Jews find home again in Russia
More leave Israel for Moscow, spurred by economic opportunity and a decline of anti-Semitism.
Mikhail Gurevich emigrated from the Soviet Union in 1991, seeking freedom and a better life in Israel. Today he is a successful Internet publisher, TV show host and information technology consultant - back home in Moscow.Skip to next paragraph
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"I wanted to have a good job, develop myself, and do the things I'm doing now, but found I couldn't do them in Israel," says the longhaired and bespectacled Mr. Gurevich. "Still, if you ask me who I am, I'm an Israeli."
Often with mixed motives and identity angst, some former Soviet Jews who rushed for the exit as the USSR crumbled are trickling back to Russia. About 50,000 have made the move in recent years, with numbers rising sharply during the Putin era.
Some cite disappointments with life in Israel, economic hardship, and the threat of terrorism since the second intifada began three years ago. Others, like Gurevich, stress the opportunities that have opened up as post-Soviet Russia has stabilized, merged with the world market, and entered a period of rapid economic progress.
"I knew what it felt like to be a Jew in the USSR," says Gurevich, who served in the Israeli army and worked as a Russian-language radio news reader before returning to Moscow in 1999. "But these are completely new times, and this is a very different country."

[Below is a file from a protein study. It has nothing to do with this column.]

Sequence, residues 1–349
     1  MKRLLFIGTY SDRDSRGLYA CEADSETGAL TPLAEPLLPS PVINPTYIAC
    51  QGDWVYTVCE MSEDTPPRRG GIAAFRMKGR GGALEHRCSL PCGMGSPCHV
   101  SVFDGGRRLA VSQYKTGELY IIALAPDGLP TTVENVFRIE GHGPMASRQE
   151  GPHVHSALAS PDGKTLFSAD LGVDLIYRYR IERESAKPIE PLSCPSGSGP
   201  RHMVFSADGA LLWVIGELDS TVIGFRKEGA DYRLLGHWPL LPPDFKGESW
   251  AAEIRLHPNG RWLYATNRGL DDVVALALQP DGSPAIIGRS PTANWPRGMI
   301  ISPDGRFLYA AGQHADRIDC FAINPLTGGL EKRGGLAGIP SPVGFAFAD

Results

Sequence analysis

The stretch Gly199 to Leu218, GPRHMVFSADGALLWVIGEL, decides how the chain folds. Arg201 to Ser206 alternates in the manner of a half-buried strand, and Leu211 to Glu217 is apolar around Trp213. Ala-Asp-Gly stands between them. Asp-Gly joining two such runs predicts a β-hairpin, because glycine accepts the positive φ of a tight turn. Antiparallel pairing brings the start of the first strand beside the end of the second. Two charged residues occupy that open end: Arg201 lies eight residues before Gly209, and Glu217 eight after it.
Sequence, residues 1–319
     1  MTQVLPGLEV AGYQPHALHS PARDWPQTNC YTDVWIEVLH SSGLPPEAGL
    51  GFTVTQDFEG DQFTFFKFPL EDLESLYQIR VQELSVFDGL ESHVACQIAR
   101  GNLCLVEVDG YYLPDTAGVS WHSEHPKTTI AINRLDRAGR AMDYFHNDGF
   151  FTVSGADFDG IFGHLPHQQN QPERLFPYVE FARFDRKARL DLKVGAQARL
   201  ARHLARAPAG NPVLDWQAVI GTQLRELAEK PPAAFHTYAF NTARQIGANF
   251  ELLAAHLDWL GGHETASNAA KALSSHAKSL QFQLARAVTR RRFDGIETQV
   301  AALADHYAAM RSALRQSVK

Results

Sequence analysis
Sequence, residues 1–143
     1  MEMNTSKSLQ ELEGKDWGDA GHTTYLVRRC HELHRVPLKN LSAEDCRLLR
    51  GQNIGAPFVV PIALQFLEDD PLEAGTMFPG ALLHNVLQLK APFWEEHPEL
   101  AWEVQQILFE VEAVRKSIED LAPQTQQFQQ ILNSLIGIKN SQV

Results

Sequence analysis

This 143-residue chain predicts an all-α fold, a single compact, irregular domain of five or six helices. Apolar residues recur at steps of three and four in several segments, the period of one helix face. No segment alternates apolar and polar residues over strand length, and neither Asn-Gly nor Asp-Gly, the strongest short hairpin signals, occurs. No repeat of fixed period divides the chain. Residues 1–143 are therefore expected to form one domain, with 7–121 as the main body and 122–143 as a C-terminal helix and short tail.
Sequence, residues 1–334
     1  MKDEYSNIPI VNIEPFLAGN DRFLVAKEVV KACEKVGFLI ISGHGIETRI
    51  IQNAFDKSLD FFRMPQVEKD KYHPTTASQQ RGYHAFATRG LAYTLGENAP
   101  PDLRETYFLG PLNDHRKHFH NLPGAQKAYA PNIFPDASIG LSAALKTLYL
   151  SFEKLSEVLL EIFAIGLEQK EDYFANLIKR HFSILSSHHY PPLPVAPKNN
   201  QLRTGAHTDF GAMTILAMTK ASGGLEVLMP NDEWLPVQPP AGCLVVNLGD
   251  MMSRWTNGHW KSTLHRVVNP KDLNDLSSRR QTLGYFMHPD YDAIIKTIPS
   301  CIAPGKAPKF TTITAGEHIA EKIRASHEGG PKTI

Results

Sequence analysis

About 1 million Soviet Jews emigrated to Israel in the decades after the first cracks appeared in the Iron Curtain in the early 1970s. The exodus continued through the turbulent 1990s, as Russian society veered toward anarchy and there were signs of anti-Semitic revival. The number of Jews in Russia plummeted to 230,000 from 540,000 between the censuses of 1989 and 2002. Some observers suggested that Russia might, like Germany or Poland, become a land whose deep Jewish traditions are mostly gone and buried in the past.
"A century ago there were 10 million Jews living in the Russian Empire, and Russia was the center of the Jewish world," says Zinovy Kogan, chairman of the Congress of Jewish Religious Organizations of Russia and head rabbi of Moscow's Poklonaya Gora synagogue. But huge numbers emigrated to America, the invading Nazis murdered 3 million Soviet Jews, and perhaps a million more assimilated to escape the USSR's suffocating state anti-Semitism, he says.
"There were no prospects here in the 1980s and '90s, only fear, crime, and chaos. Israel looked great by comparison," says Mr. Kogan. "But they went there, found they don't speak the language, can't get a job and they're considered to be Russians rather than Jews. At the same time, life in Russia has improved."
Rabbi Kogan says some returnees feel conflicted about coming back to Russia. "They want to be Jews, and feel guilty that they've left Israel," he says. "Our task here is to make them feel comfortable with their choices and help them regain their Russian sense of Jewishness. These people have had a long journey. They left the USSR as Jews, but arrived in Israel as Russians. Now they must get used to the idea that here they will be called Jews again, not Russians."